IN 1868 A HUNTER in the open country near Santillana, not far from the charming little town of Torrelavega in the northern Spanish province of Santander, discovered the blocked entrance to a cave, which was later given the name of Altamira. The lord of the manor of Santillana, Don Marcellino de Sautuola, a keen local antiquarian, began systematic excavation at Altamira in 1879. One day he took his five-year-old daughter with him to the place. The little girl had no need to stoop in the low-roofed cave. She caught sight of some coloured pictures of animals in the rock overhead and her cries of delight at this discovery attracted her father's attention. In the candle-light, he saw to his amazement a number of lifelike paintings of bison, boar, wild horses and female red deer, all faithfully depicted (ill. p. 105). The unknown artists had mixed charcoal and earth-colours -- different tones of ochre, red chalk and black manganese ore -- with fat or white of egg, painting the walls and roof with the resulting pigments, which had eaten deep into the rock. The lucky finder knew that no one except a few hunters had entered the cave since it had been opened up. As his excavations had brought to light certain stone and bone tools, shaped for human use, which dated from the Ice Age, he deduced that the pictures must be of the same period. The initial enthusiasm aroused by this sensational discovery, however, turned to general scepticism when the genuineness of the paintings was called in question by the learned world.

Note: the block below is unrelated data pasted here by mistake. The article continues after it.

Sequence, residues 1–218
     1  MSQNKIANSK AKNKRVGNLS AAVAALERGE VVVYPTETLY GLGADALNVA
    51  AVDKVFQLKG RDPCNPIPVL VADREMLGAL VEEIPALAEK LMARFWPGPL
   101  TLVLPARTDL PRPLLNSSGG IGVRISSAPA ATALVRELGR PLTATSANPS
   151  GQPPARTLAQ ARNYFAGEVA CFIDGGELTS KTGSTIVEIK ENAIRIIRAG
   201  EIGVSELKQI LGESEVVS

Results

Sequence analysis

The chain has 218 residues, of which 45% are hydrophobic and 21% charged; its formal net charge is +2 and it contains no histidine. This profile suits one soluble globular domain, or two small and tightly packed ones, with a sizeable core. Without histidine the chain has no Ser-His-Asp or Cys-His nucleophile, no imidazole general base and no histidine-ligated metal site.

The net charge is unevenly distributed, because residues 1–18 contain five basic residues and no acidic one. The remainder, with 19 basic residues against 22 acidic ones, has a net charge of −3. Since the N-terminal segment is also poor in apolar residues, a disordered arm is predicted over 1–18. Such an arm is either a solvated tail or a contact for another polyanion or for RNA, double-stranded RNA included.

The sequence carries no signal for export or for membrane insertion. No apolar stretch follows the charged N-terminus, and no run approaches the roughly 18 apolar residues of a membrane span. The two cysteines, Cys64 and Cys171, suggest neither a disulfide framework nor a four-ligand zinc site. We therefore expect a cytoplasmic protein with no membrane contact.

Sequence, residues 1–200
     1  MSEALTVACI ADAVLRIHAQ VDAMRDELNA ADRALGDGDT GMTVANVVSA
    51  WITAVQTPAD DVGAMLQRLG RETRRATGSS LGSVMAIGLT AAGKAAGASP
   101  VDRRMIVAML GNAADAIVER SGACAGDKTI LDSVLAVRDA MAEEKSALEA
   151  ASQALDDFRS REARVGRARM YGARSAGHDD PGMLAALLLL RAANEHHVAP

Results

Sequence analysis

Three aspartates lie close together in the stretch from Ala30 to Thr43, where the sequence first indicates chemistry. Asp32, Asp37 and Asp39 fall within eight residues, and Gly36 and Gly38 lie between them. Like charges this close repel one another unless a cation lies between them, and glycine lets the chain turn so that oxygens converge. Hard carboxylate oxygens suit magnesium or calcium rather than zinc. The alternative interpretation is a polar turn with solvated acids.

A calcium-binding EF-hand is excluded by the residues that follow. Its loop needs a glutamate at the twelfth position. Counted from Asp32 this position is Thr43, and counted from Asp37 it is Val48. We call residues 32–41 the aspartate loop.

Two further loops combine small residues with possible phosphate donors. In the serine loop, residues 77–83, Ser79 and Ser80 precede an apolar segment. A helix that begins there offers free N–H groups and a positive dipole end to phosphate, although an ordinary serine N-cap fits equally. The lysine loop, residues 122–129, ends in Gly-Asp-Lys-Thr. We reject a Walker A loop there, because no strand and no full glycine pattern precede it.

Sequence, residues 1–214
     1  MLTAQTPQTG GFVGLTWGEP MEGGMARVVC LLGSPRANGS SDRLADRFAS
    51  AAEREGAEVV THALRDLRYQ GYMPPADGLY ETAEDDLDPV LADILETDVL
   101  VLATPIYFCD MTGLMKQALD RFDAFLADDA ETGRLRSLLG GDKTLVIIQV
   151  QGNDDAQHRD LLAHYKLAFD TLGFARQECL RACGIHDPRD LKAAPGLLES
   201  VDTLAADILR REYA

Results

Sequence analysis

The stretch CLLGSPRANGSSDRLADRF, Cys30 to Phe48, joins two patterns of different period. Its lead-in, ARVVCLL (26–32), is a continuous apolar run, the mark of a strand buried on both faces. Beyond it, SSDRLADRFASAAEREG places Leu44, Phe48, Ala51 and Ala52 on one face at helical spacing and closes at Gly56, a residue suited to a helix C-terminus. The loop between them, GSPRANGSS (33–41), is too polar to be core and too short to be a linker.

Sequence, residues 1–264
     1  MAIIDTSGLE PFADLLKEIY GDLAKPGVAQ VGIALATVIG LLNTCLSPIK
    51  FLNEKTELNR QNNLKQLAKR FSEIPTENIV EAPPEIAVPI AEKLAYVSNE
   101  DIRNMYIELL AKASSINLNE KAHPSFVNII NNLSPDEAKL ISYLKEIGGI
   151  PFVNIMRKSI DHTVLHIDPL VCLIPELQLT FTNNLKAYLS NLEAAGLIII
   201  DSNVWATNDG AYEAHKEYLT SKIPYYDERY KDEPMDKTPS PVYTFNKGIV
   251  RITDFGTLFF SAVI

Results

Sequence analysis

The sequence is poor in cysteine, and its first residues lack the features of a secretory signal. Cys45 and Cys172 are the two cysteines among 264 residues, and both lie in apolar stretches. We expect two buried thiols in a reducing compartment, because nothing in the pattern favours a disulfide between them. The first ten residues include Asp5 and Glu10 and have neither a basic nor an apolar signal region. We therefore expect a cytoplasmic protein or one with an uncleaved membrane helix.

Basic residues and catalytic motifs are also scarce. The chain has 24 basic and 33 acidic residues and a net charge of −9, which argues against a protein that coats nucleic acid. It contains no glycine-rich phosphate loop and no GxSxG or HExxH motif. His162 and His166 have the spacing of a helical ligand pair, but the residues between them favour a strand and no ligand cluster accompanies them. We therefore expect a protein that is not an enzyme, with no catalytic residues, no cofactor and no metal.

Ever since the sixth and seventh decades of the 19th century not only tools but also pictures of animals engraved on bone and rock, and even miniature works of art, had been found. Finally, in 1901, two caves in the Dordogne, in southern France, were unearthed, Font-de-Gaume and Les Combarelles, which were both adorned with paintings. In the former, two hundred masterly pictures of animals were found and in the second no less than three hundred, which included representations of human ritual dancers and trappers. The pictures at Altamira were then remembered and subjected to thoroughgoing investigation. To-day thousands of Ice Age paintings, in many caves, are known, which afford evidence of stylistic development.
During the long Early and Middle Stone Ages, when Man subsisted on the proceeds of hunting and food-gathering expeditions, there had not been any representative art. Nevertheless, the flint knives that date from the Old Acheulean Age already reveal, in their definite shape and careful polishing -- which exceed purely utilitarian requirements, -- a primitive pleasure in modelling and visual beauty.